I noticed an interesting new post on PetaPixel about Instagram, which starts with the premise that ‘it isn’t you, it’s Instagram’. It also makes it blindingly clear that Instagram has absolutely nothing to do with photography, if you hadn’t already figured that out, and everything to do with consumerism and the attention economy:
There are so many people on Instagram, and the organic, chronological order news feed is sadly a thing of the past. These two things alone mean the beginning of the end for any social media platform, because they mean that the platform is prioritizing advertisers over users…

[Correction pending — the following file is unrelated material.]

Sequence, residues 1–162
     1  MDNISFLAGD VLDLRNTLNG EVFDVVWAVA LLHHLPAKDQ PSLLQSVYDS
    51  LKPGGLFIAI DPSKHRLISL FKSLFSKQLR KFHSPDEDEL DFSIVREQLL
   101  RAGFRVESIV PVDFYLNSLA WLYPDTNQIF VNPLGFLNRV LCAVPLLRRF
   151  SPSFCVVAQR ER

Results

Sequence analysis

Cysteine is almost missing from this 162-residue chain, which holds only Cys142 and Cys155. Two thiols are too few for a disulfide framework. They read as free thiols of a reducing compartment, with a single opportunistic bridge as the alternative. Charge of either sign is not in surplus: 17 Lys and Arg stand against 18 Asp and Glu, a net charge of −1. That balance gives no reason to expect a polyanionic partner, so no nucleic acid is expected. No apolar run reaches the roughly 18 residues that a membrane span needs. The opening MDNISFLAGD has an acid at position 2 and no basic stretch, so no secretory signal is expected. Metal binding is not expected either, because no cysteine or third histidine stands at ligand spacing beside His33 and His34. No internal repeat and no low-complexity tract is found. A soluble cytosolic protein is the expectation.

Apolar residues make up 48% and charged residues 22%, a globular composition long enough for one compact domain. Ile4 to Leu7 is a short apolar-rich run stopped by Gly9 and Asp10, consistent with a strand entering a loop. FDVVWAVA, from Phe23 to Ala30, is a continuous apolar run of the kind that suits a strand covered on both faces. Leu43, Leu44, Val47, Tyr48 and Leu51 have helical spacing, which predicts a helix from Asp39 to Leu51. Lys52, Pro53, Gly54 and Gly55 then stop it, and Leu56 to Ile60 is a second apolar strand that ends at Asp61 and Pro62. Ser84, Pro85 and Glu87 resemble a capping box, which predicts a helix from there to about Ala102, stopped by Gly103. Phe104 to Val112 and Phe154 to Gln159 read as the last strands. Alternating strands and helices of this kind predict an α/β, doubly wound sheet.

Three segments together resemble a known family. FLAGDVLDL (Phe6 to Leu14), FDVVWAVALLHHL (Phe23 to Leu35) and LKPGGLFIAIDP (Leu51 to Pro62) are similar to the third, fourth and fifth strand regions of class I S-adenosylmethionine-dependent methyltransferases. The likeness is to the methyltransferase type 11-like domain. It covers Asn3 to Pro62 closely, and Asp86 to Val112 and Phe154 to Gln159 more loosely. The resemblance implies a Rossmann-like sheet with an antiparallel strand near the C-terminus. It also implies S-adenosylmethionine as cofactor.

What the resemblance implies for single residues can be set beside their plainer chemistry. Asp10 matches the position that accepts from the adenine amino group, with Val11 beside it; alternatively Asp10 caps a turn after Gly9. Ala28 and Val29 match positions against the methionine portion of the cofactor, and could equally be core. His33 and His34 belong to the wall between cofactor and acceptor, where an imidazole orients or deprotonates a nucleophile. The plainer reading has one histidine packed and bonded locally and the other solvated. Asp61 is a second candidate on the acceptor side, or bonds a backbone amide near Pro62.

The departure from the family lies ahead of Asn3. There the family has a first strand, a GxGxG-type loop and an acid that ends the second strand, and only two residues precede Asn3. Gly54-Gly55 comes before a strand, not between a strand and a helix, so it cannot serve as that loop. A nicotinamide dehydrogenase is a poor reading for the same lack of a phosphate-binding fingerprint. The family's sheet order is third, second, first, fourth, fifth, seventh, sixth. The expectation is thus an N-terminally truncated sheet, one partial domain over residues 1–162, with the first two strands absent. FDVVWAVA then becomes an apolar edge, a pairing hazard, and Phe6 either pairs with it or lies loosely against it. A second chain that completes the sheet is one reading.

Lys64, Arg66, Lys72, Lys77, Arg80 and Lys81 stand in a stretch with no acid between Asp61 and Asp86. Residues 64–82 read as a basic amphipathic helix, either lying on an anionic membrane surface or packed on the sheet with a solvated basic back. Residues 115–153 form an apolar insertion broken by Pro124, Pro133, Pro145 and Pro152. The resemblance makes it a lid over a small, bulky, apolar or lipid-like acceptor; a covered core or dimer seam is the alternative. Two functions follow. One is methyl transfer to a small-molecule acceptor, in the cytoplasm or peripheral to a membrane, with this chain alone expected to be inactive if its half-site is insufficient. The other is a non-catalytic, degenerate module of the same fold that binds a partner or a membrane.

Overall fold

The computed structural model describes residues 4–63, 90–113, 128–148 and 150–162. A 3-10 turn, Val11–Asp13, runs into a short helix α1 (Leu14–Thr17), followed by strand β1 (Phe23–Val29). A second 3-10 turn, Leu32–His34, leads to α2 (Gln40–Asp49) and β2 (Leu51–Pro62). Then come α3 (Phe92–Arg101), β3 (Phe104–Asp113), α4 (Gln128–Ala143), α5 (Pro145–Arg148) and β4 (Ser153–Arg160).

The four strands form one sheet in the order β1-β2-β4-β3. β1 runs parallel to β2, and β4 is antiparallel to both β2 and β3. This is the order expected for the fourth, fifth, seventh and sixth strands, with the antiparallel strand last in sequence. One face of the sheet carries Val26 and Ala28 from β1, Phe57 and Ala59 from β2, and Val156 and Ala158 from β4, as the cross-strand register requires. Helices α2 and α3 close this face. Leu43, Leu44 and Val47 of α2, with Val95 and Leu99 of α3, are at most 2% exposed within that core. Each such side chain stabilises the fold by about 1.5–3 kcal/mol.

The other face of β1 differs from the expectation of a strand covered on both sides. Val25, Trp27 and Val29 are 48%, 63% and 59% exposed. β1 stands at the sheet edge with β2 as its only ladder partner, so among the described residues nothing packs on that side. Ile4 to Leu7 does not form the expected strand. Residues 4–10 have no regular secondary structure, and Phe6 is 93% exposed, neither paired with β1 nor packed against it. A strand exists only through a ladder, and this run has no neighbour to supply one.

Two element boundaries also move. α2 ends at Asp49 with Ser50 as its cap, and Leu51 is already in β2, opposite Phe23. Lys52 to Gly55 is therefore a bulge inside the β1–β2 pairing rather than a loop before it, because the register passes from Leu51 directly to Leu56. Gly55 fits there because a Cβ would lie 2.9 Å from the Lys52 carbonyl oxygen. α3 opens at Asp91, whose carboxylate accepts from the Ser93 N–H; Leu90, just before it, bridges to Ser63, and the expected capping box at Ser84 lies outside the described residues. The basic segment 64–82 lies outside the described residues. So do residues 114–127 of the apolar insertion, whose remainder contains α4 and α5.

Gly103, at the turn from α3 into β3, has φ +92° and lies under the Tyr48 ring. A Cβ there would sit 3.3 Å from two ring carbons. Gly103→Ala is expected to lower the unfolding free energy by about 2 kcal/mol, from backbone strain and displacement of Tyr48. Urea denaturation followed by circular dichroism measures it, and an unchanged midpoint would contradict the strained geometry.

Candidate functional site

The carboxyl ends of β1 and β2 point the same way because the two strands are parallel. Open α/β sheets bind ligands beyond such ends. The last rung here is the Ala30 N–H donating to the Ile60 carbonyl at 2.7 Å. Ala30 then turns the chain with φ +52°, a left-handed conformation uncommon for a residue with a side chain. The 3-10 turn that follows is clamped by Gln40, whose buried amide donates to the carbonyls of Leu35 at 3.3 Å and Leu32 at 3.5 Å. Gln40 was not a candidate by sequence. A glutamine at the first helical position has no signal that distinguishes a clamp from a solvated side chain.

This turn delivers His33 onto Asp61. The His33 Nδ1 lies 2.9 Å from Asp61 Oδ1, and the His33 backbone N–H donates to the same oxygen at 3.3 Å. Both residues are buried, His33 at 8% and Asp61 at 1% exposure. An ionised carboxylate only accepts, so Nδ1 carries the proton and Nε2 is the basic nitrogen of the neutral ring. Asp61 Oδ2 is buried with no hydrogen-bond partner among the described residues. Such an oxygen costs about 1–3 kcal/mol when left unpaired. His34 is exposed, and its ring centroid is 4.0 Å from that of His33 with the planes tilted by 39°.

The average user spends around 53 minutes a day on Instagram; are you getting a return on your time investment into that platform? Are you making an hour’s wage daily from Instagram? If not, then I say leave the app behind and focus your time on something else.
Nicholas Carr wrote that digital content is often not as engaging as the enclosing medium or interface, and that – in many cases – the content itself becomes irrelevant. Scrolling through Instagram is all about staying in the machine zone of no-time, not about appreciating photography. (Don’t believe me? How long do you spend looking at the photos in your feed?) He also wrote that ‘Instagram shows us what a world without art looks like’.
Final thought: is it better to reach a small number of people with something of genuine value, or a large number of people who don’t care with trivia?